Budget boost for Suffolk and Essex schools but per pupil funding remains among lowest in country
- Credit: PA
Schools in Suffolk and Essex will see their budgets boosted next year following a cash injection from the Government – yet both counties remain among the lowest funded per pupil in the country.
Suffolk will receive £427.3m in 2020/21, an increase of £21.3million compared to the 2019/20 budget, with schools in the county receiving £4,604 per pupil - an increase of 4.62%.
Schools in Essex will get £889.2m, a £46.9m increase, with per pupil funding at £4,592 - a boost of 4.88% compared to 2019/20.
In terms of per pupil funding, Suffolk sits in 117th place out of 148 local authorities, while Essex is even lower at 125th.
The East of England overall will see an extra £184m, a 4.5% increase per pupil.
You may also want to watch:
The Government says the landmark investment delivers on the prime minister's pledge to level up education funding and give all young people the same opportunities to succeed - regardless of where they grow up or go to school.
But school leaders said there are concerns about schools which are only getting an inflationary increase, arguing that costs are rising above the rate of inflation.
MORE: Suffolk loses more than 200 teachers as pupil numbers riseOn Friday, the Government published information on how the first year of investment (2020/21) - totalling £2.6 billion - will be allocated to schools.
- 2 ‘Inadequate’ private hospital closes after patients ‘put at prolonged risk of harm’
- 3 7 of Suffolk's prettiest streets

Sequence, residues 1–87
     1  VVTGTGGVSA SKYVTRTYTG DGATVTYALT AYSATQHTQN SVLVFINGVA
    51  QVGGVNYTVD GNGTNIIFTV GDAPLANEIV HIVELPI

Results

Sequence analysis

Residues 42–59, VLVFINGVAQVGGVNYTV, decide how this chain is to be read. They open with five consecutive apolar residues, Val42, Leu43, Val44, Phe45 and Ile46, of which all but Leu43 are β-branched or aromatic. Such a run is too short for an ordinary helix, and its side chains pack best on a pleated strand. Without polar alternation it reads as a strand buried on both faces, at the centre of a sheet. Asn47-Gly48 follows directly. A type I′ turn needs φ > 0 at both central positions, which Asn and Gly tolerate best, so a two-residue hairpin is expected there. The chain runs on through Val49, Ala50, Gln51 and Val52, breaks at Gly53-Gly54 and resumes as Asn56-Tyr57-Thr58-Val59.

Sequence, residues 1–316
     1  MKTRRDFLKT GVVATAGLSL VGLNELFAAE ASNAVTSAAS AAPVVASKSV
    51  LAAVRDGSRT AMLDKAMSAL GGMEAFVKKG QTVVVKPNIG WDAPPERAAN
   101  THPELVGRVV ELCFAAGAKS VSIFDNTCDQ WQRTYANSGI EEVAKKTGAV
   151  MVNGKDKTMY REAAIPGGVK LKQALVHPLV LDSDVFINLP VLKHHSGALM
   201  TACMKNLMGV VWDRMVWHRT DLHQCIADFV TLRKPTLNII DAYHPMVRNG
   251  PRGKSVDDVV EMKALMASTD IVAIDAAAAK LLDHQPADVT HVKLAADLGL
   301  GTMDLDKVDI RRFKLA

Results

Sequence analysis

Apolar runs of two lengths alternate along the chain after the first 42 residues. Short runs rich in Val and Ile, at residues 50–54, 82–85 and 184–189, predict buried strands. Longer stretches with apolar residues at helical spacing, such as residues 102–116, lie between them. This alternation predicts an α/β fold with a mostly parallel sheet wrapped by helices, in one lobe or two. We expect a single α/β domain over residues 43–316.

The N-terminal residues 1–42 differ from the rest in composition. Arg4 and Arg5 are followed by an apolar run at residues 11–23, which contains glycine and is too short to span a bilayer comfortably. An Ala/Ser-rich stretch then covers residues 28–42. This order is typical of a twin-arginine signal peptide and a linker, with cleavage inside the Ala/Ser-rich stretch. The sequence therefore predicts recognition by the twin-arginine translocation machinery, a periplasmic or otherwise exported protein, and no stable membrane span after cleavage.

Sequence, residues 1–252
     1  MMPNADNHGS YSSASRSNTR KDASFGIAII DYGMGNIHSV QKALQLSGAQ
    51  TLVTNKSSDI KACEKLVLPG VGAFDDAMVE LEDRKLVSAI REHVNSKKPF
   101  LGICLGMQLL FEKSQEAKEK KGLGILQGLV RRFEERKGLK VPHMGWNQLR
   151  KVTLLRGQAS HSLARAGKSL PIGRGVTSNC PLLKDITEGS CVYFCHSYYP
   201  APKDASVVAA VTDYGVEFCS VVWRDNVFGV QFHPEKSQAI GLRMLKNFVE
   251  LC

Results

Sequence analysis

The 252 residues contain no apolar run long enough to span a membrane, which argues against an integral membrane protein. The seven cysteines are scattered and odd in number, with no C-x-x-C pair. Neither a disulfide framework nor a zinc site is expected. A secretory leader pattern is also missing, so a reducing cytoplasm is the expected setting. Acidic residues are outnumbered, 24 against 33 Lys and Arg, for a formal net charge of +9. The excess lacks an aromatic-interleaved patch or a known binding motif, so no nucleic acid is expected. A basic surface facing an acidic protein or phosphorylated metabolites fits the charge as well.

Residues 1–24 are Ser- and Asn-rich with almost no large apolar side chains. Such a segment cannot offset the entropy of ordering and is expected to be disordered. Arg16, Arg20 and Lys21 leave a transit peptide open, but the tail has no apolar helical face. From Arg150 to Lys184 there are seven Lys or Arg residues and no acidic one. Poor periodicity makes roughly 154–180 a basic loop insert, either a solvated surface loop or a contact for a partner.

- 4 Town face 'red tape' wait over Celina
- 5 A14 blocked after three vehicle crash
- 7 Cook on whether he's missing the influence of Richardson
- 8 Your favourite pub, restaurant, café and hotel in Suffolk revealed
- 9 Ed Sheeran hints at new tour dates and reveals favourite Suffolk beer
- 10 Ed Sheeran announces three Wembley dates as part of = world tour
Cash is allocated using the National Funding Formula (NFF), which takes into account factors such as size of school and demographics, as well as historic funding levels to ensure that schools get a minimum amount of money per pupil.
Education Secretary Gavin Williamson said: "I recognise the pressures schools have faced and want them and parents to be safe in the knowledge that all children can get the top-quality education they deserve in classrooms across the country.
"Our continuing investment in education, coupled with a bold reform agenda and the work of Ofsted, will supercharge the ongoing rise in school standards."
Geoff Barton, general secretary of the Association of School and College Leaders (ASCL) and former headteacher at King Edward VI School in Bury St Edmunds, said: "Boris Johnson said we should not accept the idea that there can be 'winners and losers' when it comes to our children's futures when he announced that there would be extra money for schools.
"But we can see clearly from the detailed allocations made today that there are winners and losers.
"In fact, there are far more losers than the figures suggest because most schools will still be worse off than they were when the cuts began to bite in 2015.
"The biggest concern is over the group of schools which will receive only an inflationary increase next year.
"This is because school costs are in fact rising above the rate of inflation, and this means many of these schools will have to make further cuts to their hard-pressed budgets."
Matt Hancock, MP for West Suffolk and health secretary, said: "The 4.62% per pupil funding boost next year will mean that every school in Suffolk will receive a budget increase, giving teachers, parents and pupils the certainty to plan, and supercharging standards in our schools."